, SecurityFocus 2007-03-30
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The latest details revealed by TJX's annual report could further worsen the company's financial situation, said Bruce Cundiff, senior analyst for Javelin Strategy and Research. The company has already recorded a pre-tax charge of $5 million to pay for expenses caused by the breach.
"The more news that comes out, the worse it seems for TJX," Cundiff said. "I don't think we have seen the punishment yet that the market is going to bring to bear due to customer dissatisfaction."
In a survey that the analyst firm will release next week, Javelin found strong evidence that consumers are likely to vote with their feet.
"They are really giving a strong indication that, if they know about a data breach--and TJX is really the most publicized to date--there is a strong chance they will never shop at that store again," Cundiff said.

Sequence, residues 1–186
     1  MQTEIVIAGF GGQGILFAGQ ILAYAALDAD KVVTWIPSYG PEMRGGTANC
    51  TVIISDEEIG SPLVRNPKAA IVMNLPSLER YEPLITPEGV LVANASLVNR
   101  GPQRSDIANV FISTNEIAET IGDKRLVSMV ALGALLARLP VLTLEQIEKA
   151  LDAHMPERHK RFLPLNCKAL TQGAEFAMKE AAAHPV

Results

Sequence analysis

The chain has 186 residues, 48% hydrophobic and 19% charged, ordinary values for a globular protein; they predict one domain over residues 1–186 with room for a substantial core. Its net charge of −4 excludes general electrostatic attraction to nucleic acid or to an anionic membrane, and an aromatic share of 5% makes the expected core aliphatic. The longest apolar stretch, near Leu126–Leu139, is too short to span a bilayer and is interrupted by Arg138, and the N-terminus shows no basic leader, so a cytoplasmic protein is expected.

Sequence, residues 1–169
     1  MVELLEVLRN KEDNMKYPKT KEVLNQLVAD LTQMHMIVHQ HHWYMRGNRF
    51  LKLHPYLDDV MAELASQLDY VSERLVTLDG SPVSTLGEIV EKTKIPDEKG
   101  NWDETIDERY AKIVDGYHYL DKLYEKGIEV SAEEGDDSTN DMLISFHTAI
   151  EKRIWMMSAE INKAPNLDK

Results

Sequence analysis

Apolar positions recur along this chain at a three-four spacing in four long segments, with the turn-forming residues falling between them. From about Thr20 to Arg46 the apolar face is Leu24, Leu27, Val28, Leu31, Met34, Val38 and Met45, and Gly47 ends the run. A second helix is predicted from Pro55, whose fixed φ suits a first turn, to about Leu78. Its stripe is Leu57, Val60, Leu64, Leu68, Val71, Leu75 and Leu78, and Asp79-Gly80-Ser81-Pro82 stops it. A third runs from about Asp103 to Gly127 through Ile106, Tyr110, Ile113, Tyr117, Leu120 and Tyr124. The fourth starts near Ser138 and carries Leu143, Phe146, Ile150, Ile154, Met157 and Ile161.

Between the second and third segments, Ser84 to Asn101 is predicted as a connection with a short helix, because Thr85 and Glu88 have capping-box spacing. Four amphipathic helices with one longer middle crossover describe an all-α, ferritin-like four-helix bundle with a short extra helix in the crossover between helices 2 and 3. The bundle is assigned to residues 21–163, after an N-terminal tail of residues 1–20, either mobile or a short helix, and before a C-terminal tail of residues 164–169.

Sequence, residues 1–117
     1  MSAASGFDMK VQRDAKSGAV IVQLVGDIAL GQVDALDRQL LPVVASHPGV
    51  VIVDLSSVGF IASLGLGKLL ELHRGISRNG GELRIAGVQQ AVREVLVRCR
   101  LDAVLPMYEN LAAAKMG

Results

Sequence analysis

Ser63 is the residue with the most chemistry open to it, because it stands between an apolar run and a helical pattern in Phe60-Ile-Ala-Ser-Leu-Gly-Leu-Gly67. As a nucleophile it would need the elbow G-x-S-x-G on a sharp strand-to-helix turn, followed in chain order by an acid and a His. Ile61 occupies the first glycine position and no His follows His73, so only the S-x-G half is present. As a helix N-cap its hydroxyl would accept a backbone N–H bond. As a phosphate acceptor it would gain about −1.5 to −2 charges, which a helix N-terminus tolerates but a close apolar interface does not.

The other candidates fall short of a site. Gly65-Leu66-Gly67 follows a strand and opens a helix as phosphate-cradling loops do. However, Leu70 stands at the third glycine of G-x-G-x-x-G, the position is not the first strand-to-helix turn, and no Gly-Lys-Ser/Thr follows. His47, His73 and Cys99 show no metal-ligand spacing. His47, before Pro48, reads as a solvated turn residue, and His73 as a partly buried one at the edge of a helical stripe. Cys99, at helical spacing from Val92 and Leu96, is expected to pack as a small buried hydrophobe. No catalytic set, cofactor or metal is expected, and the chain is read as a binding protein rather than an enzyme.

The retail giant is besieged with consumer legal actions as well. According to the annual report, consumers have filed 12 lawsuits against the company in the U.S. and another six in Canada. A group of Massachusetts banks have filed a lawsuit for the cost of replacing consumers' credit cards and other damages, and the Arkansas Carpenters Pension Fund, which reportedly owns 4,500 shares of the company, has commenced proceedings to open up the company's books.
The U.S. Federal Trade Commission and a group of 30 states' Attorneys General have started separate investigations. The Office of the Privacy Commissioner of Canada has also initiated a formal investigation, TJX stated in its report.
The company has hired IBM and General Dynamics to help investigate and improve its security. In addition, the U.S. Secret Service is investigating the intrusions.